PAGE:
Strategies to Avoid Noise-Induced Hearing Loss

Man with weedwacker wearing hearing protection cutting the grass

From sporting events to family get-togethers to fireworks shows to motorcycle rides, summer is filled with enjoyable activities. And while the majority of these activities are safe, many can present invisible risks to your hearing health. That’s because loud noises, over time, can damage your ability to hear. A loud motorcycle engine or the roar of a crowd could be contributing to long-term, noise-induced hearing loss.

Over time, extremely loud noises can cause damage to your ears. The consequence of this exposure is loss of hearing. Noise-induced hearing loss is effectively irreversible.

Although this kind of hearing loss has no cure, it can be effectively treated. Raising your awareness of these common loud noises can help you better control risks and establish prevention strategies, so you can protect your hearing over the long run. With a few basic adjustments, you can enjoy your summer fun and safeguard your hearing health.

Is summer actually that noisy?

It can be very easy to overlook noise risks during the summer months. Here are a few of the most prevalent and also most hazardous:

  • Sporting events: Any time you’re around loud crowds, you may increase your risk of noise damage (this can be even more relevant at sporting events that feature motorized attractions, including a Nascar race or monster truck rally).
  • Fireworks events: Summer has lots of fireworks. From neighborhood gatherings to holiday celebrations to sporting events, fireworks shows are everywhere during the summer months. Regrettably, fireworks are incredibly loud and can certainly cause damage to your ears.
  • Loud concerts: Concerts put your hearing at risk even if they’re outside concerts. After all, these events are planned to be as loud as possible.
  • Routine lawn care: This could include using lawnmowers, chainsaws, leaf blowers, and weed wackers. The powerful motors in most of these mechanical tools are very loud. It’s worth noting that entirely electric motors are often quieter.
  • Driving: If you’re driving with the windows down, the wind noise can reach damaging volumes in your ears and this is even more relevant if you drive a convertible. This is particularly true if the sound happens for long durations without breaks.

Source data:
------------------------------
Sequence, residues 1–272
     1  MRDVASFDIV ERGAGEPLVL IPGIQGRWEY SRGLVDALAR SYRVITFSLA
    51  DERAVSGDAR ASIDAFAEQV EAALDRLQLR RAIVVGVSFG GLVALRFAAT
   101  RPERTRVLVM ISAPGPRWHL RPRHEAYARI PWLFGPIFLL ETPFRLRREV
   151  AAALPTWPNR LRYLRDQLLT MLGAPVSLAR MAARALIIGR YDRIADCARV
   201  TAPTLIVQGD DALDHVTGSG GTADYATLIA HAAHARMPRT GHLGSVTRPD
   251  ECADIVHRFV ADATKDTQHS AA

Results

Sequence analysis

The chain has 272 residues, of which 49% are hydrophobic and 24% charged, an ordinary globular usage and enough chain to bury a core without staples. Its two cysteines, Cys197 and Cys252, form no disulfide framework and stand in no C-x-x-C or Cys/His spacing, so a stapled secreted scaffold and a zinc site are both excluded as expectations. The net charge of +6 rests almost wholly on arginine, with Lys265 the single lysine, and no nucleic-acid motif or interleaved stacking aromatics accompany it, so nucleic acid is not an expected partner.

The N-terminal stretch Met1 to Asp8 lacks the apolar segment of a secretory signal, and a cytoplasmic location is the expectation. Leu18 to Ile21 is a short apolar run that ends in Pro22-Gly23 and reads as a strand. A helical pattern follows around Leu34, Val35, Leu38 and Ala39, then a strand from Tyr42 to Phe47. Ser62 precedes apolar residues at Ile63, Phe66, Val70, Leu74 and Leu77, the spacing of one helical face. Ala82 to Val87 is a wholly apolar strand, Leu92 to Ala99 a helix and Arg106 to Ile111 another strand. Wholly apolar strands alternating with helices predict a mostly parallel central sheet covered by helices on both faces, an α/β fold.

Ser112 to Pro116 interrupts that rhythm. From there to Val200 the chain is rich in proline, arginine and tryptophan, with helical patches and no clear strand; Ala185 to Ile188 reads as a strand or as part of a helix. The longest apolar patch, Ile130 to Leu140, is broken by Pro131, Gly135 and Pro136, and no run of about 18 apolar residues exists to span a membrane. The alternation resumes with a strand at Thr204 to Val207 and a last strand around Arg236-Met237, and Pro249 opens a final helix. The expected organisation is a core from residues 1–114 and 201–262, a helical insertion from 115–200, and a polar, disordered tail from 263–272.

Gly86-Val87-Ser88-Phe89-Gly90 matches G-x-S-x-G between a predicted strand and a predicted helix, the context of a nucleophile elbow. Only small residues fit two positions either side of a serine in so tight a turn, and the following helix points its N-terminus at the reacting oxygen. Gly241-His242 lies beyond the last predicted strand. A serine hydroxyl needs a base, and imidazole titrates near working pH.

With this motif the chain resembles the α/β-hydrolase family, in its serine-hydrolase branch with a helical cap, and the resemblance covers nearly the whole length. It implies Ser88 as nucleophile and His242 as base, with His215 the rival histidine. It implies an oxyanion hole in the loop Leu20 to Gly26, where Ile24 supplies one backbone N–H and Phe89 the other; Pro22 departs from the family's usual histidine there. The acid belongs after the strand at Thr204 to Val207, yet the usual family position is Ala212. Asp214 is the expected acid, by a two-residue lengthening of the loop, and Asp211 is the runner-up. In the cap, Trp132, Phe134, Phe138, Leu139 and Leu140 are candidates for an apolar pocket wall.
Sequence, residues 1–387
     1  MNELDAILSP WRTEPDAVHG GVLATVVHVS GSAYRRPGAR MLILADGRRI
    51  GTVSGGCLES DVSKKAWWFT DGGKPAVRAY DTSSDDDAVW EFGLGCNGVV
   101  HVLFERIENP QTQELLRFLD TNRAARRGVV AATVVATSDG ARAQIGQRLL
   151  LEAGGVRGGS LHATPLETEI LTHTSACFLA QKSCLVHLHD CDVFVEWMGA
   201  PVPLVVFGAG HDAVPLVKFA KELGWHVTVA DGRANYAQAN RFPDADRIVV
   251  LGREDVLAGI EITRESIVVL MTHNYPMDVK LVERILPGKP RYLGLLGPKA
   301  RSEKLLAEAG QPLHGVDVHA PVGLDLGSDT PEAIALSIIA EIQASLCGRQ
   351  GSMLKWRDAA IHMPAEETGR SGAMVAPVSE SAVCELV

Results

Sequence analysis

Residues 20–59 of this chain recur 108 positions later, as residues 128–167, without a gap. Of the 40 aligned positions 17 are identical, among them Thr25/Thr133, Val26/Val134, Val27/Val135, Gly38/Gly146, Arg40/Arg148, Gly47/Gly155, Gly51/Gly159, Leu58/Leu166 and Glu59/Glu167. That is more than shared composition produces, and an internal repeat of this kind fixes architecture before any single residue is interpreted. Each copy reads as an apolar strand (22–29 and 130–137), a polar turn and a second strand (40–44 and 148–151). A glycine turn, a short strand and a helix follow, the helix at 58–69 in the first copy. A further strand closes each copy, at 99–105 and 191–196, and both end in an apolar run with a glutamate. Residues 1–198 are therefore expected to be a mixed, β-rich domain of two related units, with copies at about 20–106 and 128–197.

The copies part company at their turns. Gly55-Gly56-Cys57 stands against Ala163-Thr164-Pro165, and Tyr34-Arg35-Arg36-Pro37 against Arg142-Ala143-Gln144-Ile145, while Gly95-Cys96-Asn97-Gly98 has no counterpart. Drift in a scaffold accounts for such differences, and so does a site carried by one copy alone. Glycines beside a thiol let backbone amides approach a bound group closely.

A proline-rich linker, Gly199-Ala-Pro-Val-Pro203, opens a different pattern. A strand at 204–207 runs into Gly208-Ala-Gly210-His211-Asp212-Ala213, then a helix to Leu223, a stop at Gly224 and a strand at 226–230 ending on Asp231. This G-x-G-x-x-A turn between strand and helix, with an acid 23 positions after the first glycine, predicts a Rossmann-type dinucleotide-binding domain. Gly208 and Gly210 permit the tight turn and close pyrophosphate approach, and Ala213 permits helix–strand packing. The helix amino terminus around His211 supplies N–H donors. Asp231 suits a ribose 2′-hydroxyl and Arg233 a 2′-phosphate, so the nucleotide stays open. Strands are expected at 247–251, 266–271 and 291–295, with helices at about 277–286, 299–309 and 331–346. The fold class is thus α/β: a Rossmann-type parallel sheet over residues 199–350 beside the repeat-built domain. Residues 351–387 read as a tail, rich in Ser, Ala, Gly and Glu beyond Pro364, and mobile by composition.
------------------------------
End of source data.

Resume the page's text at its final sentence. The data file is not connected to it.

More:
• Routine use of power tools: Summer is an excellent time for home improvement projects. But it’s crucial to keep in mind that all of those power tools can be rather noisy. The more you use these tools, the more your hearing hazard increases.

The volume level that’s considered to be where damage starts to happen is around 85 dB. A typical hair dryer, blender, or lawnmower is about this volume. That’s significant to take note of because these sounds may not seem particularly noisy. But the volume of these devices can result in hearing damage over time.

Preventing noise-induced hearing damage

Noise-related hearing loss impacts millions of individuals each year. Noise-induced hearing loss can occur at any age, unlike age-related hearing loss. That’s why prevention is so important. Here are some of the most practical prevention strategies:

  • Turn down the volume at home: Simply lowering the volume on your TV and music playing devices can help give your ears some rest and a chance to recover. When everything is loud all the time, damage can develop more quickly.
  • Wear hearing protection: If you cannot avoid loud situations (or don’t want to miss out on particular enjoyable activities), you can invest in a pair of good ear muffs or ear plugs. When you are in locations that are too noisy, use this protection to your advantage. This can help prevent damage. Custom hearing protection devices personalized to your ears and your hearing can be particularly effective.
  • Limit your time in noisy environments: If your environment is really noisy, you need to limit your exposure time. Your ears can be safeguarded from long-term damage in this way. If you’re at a noisy sporting event, for example, walk to a quieter area every thirty minutes or so.
  • Give your ears a break (and time to recover): Spend a quieter next day after attending a fireworks display. This can give your ears more time to recover and avoid further and more substantial damage.
  • Use disposable earplugs when you have to: Disposable earplugs aren’t as reliable as more customized types, but they’re far better than nothing! If you find yourself abruptly in a noisy environment, a cheap set of disposable earplugs can help prevent substantial hearing damage.
  • Download a sound level detection app to your phone: You may be surprised at just how fast sounds can escalate above that 85dB danger zone volume. At these volume levels, even your headphones or earbuds can rapidly begin harming your ears. You can become more aware of when volume levels begin to get too loud by downloading a volume monitoring app for your cellphone.
  • Get your hearing checked: Hearing loss normally doesn’t happen suddenly. Many individuals won’t detect the symptoms for months or years. Often, the only way to find out whether you have any noise-related hearing loss is to get your hearing examined. We will help you comprehend how to keep your hearing healthy for years to come and talk about treatment solutions for any hearing loss you might already have.

You don’t need to resign yourself to having noise-related hearing loss. You’re hearing can be maintained by using prevention strategies. You can protect your hearing and enjoy fun activities in any season with the correct strategy.

Talking to us can help begin your journey towards healthier ears and better hearing. Call today for an appointment!

The site information is for educational and informational purposes only and does not constitute medical advice. To receive personalized advice or treatment, schedule an appointment.